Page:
With a very large number of paintings, drawings, ship models, sculpture and scrimshaw on display, the J. Russell Jinishian Gallery, located at 1899 Bronson Road in Fairfield, CT, is the nation’s foremost gallery of fine marine and sporting art. While the inventory is indeed spectacular, it’s the knowledge and enthusiasm of the affable owner, America’s leading authority on contemporary marine art, that makes this gallery a truly amazing place.
“I grew up in Old Greenwich, when it was a small beach community, says Russell. “I spent a lot of time on Long Island Sound, fishing, clamming and sailing. We’d ride our bikes down to the beach and go sailing every day. My first boat was a Sunfish, and later I sailed Penguins, Lightnings and Rhodes 19s. My family had a Flying Scot and then a Marshall 22 catboat and a Freedom 32, and some little power skiffs.”
“I became interested in art when I was about eight. I studied Studio Art at the Cornell University School of Art & Architecture, and went to work at the Silvermine Guild Arts Center in New Canaan. I was there for four or five years, and was the art critic for the Connecticut Post and other publications. Mystic Seaport opened a marine art gallery around that time and I started working there in 1982. We had a great time, and I stayed as Director of the Maritime Gallery until 1994 when I had an opportunity to join the Greenwich Workshop Gallery, a business in Fairfield started by Dave Usher, who was the county’s premier maker of limited edition prints. Dave really pioneered that whole industry.”
“In the mid-nineties, I was recruited by a company called Big Horn Galleries, who had decided to open original art galleries around the country. They had one in Aspen, Colorado, one in Cody, Wyoming and one in Carmel, California. We renovated an old appliance store in Fairfield and turned it into a state-of-the art gallery. We did it for two or three years but found that, unlike prints, it was difficult to sell one-of-a-kind things in four locations. When our leases came up, the gallery in Aspen closed and the guys in Cody and Carmel took those galleries over. I realized that I’m really a marine art expert, so in 1997 I decided to open a high-end marine art gallery upstairs from the Greenwich Workshop. I was there for several years, and moved to my new location, a renovated bank building, two years ago.”
The J. Russell Jinishian Gallery proudly represents the world’s finest marine artists. “We’ve become a unique little place, and we’ve gotten to know each other over these 30 years – artists, customers and customers’ kids,” says Russell. “You can’t go anywhere else in the country and see work by all the top marine artists from around the world. I really enjoy the relationships with them and my customers. People buy these pictures because they like to look at them. The artists paint them because they’re interested in and extremely knowledgeable about their subject matter, and that creates a nice equation.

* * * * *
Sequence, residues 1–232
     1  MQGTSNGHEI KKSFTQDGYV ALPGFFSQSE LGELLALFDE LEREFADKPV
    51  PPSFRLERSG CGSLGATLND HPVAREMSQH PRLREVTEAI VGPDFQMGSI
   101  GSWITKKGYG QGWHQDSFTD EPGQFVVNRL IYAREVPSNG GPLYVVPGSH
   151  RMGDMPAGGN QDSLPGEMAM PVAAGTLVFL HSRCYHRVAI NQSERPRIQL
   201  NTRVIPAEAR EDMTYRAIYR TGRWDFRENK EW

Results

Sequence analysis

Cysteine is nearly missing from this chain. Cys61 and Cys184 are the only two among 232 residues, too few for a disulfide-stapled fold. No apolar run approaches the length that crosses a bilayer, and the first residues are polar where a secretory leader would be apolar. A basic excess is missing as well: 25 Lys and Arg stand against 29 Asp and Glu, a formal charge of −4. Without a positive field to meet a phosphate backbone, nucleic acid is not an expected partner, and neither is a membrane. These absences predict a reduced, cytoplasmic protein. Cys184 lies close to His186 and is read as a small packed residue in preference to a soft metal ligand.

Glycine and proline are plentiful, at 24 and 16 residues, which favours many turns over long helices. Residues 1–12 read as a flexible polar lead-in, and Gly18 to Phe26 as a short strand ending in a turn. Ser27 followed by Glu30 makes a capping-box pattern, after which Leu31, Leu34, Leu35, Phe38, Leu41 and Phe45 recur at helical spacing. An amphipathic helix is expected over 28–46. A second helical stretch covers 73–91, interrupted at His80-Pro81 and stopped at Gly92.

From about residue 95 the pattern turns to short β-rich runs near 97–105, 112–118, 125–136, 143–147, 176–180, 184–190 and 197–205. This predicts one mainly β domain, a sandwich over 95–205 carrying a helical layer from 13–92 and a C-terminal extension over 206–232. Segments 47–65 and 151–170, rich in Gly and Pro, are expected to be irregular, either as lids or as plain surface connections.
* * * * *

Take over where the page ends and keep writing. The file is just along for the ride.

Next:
If somebody buys a work of art – whether it’s a painting, scrimshaw or a ship model – they get something that they can enjoy. In turn, they’re helping support an artist in their creative endeavor, which is a pretty rough, uncertain lifestyle. That exchange is a very positive thing. And because I have very close relationships with the artists, I get things that other galleries may not get. Sometimes you’ll see a painting here that no one else has seen except the artist and his wife.” The gallery also represents sporting artists who specialize in fishing and hunting art. “Fred Polhemus, who worked with me at Mystic Seaport, runs that part of the business,” Russell explains.
“A big part of my job is to give people information about artists and their work so they can make a decision about a purchase. Everything in the gallery is on consignment to me, which means I can keep a really large inventory. Between paintings, drawings, ship models and scrimshaw I probably have a thousand works of art. For every painting here I’ve probably looked at 500 others, so when you come here you know you’re looking at work of a certain quality. With marine paintings in particular, things have to be correct – a boat must be rigged correctly, it’s got to sit in the water correctly, and the wind and water have to be correct. Beyond that, the top artists have a certain level of ‘poetry’ that sets them apart. Their research often includes reading logbook accounts of an event, and their own experience on the water enables them to bring a piece of history alive visually.”
“Marine art is now a worldwide artform, and there are marine art societies all over the world,” says Russell, who is an honorary member of the American Society of Marine Artists who sits on the Advisory Board of the National Maritime Historical Society. He lectures nationally on marine art and collecting, and is a frequent contributor to WindCheck on those subjects. He’s the author of Bound for Blue Water, the definitive guide to contemporary marine art, and he publishes Marine Art News, a beautifully produced magazine with information about artists’ techniques and what they’re currently working on, upcoming exhibitions and auctions, book reviews, and recent sale prices for all types of art and collectibles including classic automobiles, antique firearms, jewelry, Hollywood and sports memorabilia, and more.
Russell, who lives in Black Rock and has a house in South Bristol, ME, owns a lobster boat that was built in Maine in 1976. “I don’t have a lot of free time,” he says, “but I try to get out on the water once a week in the summer and every other week in the winter…I saw seals on Penfield Reef last month. The water is a place where good things happen to body, mind and spirit.”